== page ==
Consult with your primary care physician to make sure that the current treatment for your panic attacks is optimal.

    Let other care-givers,including your surgeon, understand that you have a condition that may affect your ability to tolerate some routine things before and after surgery - e.g. application of oxygen masks and other medical devices.

    Would it be expected practice of the anesthesiologist to listen to your heart and lungs before having ambulatory surgery? Would there be any exceptions?

    Ideally yes. Most anesthesiologists do listen to the heart and lungs of patients during their preoperative exam and interview. Exceptions? Perhaps if the patient had just been seen in the preanesthesia testing area the found to have a normal exam and no history of heart or lung disease some anesthesiologist might not see a need to reexamine the heart and lungs on the day of surgery.

    What are the restrictions of food before ambulatory surgery?

    To decrease the risk of aspiration of gastric contents into the lung, patients are routinely asked not to eat or drink anything for at least 6-8 hours before surgery. Clear liquids may be allowed up to 3 hours before surgery. Coffee drinkers, if allowed to drink 3 hours before surgery, should drink their morning coffee at that time. Ask your anesthesiologist to be certain: the time limits for food or clear liquids before surgery can be institution and practioner specific.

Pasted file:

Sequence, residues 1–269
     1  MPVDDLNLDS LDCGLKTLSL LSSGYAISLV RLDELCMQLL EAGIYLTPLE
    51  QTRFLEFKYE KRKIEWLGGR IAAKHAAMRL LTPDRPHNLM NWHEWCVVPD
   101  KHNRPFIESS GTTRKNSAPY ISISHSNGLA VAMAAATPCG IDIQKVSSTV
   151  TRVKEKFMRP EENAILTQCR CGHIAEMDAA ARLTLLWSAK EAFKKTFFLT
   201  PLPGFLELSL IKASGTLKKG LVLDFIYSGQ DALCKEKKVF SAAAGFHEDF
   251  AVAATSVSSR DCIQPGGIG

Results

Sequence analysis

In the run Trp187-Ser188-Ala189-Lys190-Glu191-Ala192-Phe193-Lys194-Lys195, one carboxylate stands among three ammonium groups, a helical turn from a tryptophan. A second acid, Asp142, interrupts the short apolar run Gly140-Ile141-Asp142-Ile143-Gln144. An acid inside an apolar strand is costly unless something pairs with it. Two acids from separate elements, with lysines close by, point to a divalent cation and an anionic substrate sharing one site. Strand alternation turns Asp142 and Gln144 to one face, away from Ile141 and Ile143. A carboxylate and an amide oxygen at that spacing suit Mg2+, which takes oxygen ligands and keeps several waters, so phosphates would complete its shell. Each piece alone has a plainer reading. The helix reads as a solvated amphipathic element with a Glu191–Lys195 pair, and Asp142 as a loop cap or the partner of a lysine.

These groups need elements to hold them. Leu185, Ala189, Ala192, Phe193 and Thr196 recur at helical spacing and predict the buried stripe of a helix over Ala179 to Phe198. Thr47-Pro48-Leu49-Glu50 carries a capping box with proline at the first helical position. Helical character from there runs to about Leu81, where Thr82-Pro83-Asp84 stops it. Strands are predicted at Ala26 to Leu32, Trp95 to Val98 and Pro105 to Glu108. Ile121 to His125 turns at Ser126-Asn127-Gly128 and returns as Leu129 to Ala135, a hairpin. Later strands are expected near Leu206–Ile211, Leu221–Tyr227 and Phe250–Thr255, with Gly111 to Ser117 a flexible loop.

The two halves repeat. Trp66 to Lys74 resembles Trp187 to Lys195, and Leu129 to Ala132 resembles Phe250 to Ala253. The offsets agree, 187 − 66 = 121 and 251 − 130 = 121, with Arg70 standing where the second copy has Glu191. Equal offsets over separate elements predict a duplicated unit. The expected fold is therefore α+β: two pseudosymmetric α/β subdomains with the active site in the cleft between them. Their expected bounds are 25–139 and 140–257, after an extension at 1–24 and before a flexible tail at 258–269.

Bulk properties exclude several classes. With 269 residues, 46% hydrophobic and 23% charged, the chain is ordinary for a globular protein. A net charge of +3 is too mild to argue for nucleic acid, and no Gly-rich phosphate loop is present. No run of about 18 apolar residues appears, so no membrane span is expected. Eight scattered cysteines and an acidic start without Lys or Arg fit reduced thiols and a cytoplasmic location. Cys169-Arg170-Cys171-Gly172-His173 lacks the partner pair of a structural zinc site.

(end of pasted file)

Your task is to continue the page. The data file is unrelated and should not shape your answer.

What actually goes on when I have an outpatient surgery procedure?

    The anesthesiologist will carefully assess your medical history and perform a directed physical examination during your preoperative assessment. He/she will then discuss with you the risks and benefits of your anesthetic options based on your medical status, the anticipated procedure, it's duration, and your surgeon. After informed consent, the anesthesiologist will then formulate your anesthetic plan, medicines, and monitoring. Throughout the anesthetic and surgery, your physical status will be monitored and treated to maintain your safety, and anesthetics will be delivered for analgesia. This same level of care will continue during your recovery, guided by your anesthesiologist.